Objective— It has been suggested that confounding by socioeconomic position from across the lifecourse together with adult risk factors explain the association between C-reactive protein (CRP) and coronary heart disease, but the evidence for this is limited to elderly subjects. We examined associations between socioeconomic position in childhood and adulthood, adult CRP, and carotid intima-media thickness (IMT), a presymptomatic predictor of coronary heart disease, in a population of young adults. Methods and Results— The association of socioeconomic indicators at age 3 to 18 and in adulthood with CRP and IMT at age 24 to 39 were examined in a prospective cohort study of 2290 (1030 men and 1260 women) participants in the Young Finns Study. After adjustment for age and sex, both childhood and adulthood socioeconomic position were inversely associated with CRP (ps≤0.02). There was also a direct correlation between CRP and IMT (P<0.008). However, both the association between socioeconomic position and CRP and that between CRP and IMT attenuated to the null with adjustment for BMI and waist-to-hip ratio. Controlling for other risk factors had little effect on these associations. Conclusions— In young adults, the interrelations between socioeconomic position, CRP, and carotid atherosclerosis are accounted for by adiposity.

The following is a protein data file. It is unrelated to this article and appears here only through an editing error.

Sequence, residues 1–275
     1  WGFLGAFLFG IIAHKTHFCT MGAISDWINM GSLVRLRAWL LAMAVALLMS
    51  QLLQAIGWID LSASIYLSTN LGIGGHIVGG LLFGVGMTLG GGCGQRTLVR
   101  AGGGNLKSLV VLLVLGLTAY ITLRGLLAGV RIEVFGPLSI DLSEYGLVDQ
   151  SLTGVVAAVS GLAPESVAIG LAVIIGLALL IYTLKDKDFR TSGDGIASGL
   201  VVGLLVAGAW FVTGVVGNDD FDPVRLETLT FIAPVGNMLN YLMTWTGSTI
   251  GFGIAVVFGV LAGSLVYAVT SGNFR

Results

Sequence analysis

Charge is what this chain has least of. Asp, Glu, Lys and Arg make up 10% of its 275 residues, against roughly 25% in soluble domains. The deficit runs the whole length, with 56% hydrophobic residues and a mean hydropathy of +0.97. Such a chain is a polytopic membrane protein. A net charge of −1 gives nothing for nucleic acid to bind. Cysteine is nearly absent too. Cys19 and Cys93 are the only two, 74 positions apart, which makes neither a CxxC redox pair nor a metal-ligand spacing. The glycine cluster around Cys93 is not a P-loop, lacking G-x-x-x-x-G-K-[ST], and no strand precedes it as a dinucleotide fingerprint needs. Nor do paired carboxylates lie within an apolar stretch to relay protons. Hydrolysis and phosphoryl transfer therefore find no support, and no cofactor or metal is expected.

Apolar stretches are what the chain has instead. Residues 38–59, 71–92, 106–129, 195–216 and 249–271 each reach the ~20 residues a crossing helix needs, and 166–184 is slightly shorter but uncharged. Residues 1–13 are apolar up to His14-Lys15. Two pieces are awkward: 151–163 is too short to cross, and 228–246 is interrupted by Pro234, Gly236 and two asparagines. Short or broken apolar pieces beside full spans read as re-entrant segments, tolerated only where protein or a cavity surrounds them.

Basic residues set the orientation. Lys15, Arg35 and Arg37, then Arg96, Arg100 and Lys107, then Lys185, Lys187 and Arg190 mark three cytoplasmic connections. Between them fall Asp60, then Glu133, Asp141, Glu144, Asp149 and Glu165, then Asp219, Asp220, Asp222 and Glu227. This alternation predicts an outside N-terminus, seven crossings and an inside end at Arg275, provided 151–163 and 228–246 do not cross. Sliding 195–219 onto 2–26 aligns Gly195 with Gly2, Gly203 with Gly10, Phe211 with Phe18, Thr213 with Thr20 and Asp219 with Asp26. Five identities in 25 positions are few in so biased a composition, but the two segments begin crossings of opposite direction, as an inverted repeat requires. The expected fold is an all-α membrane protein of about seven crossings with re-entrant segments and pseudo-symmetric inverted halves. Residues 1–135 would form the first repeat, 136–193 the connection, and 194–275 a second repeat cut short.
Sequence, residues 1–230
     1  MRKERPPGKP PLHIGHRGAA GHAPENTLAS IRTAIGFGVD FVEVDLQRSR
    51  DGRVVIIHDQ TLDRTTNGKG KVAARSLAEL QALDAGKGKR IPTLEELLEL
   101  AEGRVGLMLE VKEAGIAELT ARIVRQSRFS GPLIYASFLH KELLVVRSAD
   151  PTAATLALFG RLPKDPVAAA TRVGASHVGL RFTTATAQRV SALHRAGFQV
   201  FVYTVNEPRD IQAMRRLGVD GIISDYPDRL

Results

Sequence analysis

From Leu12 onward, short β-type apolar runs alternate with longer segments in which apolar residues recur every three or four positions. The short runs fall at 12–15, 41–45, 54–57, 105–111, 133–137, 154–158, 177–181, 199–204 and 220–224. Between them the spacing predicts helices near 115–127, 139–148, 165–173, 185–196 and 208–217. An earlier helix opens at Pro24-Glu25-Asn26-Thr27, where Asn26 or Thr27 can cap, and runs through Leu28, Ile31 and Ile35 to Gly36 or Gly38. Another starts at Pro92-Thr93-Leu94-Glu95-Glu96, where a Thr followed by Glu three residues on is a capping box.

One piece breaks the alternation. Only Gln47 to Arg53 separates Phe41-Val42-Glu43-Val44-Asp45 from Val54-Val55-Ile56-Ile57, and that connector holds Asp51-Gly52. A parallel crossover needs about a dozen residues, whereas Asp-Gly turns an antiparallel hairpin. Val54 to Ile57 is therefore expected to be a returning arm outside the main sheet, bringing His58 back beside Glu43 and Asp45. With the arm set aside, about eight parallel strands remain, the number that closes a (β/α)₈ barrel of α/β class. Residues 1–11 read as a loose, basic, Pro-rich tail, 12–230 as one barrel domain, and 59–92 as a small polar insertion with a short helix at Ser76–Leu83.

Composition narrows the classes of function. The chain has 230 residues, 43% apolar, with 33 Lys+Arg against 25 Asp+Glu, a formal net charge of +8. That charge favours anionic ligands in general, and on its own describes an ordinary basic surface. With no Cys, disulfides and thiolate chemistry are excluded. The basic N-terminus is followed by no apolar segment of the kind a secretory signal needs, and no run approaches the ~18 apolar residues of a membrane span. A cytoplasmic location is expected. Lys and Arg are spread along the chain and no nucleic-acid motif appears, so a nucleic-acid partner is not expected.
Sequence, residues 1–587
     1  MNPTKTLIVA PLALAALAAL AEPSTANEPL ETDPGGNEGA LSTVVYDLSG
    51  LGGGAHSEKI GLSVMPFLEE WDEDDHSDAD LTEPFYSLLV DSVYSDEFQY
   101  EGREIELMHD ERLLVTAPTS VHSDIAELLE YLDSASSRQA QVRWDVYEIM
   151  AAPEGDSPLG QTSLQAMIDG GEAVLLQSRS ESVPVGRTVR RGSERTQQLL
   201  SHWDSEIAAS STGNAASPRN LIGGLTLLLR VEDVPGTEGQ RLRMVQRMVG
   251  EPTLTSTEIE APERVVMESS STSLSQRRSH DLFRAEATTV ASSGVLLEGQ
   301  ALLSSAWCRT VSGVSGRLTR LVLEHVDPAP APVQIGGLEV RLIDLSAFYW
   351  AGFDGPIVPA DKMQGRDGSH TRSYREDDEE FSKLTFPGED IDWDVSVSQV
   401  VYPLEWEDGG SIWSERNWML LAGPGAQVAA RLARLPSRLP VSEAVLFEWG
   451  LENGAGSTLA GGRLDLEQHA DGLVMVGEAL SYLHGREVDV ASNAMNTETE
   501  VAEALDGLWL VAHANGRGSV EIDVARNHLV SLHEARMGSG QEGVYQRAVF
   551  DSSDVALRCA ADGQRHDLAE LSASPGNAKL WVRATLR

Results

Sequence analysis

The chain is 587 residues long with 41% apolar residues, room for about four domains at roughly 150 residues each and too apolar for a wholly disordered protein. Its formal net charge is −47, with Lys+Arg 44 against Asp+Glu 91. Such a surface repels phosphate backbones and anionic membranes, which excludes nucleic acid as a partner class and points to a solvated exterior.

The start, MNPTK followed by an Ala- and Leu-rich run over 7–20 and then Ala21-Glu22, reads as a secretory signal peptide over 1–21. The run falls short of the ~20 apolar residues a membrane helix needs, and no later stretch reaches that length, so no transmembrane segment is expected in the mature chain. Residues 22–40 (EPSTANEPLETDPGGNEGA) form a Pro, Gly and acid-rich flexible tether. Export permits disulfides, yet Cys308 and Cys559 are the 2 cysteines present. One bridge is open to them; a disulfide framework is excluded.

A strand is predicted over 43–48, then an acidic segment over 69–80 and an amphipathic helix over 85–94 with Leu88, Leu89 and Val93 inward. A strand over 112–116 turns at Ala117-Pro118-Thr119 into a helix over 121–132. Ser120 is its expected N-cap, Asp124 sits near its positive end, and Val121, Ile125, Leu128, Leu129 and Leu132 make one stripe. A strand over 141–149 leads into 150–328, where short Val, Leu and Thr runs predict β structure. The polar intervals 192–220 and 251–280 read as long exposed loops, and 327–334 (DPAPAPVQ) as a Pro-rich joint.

|Translated title of the contribution||Lifecourse Socioeconomic Position, C-Reactive Protein, and Carotid Intima-Media Thickness in Young Adults: The Cardiovascular Risk in Young Finns Study|
|Number of pages||6|
|Journal||Arteriosclerosis, Thrombosis, and Vascular Biology|
|Early online date||25 Aug 2005|
|Publication status||Published - Oct 2005|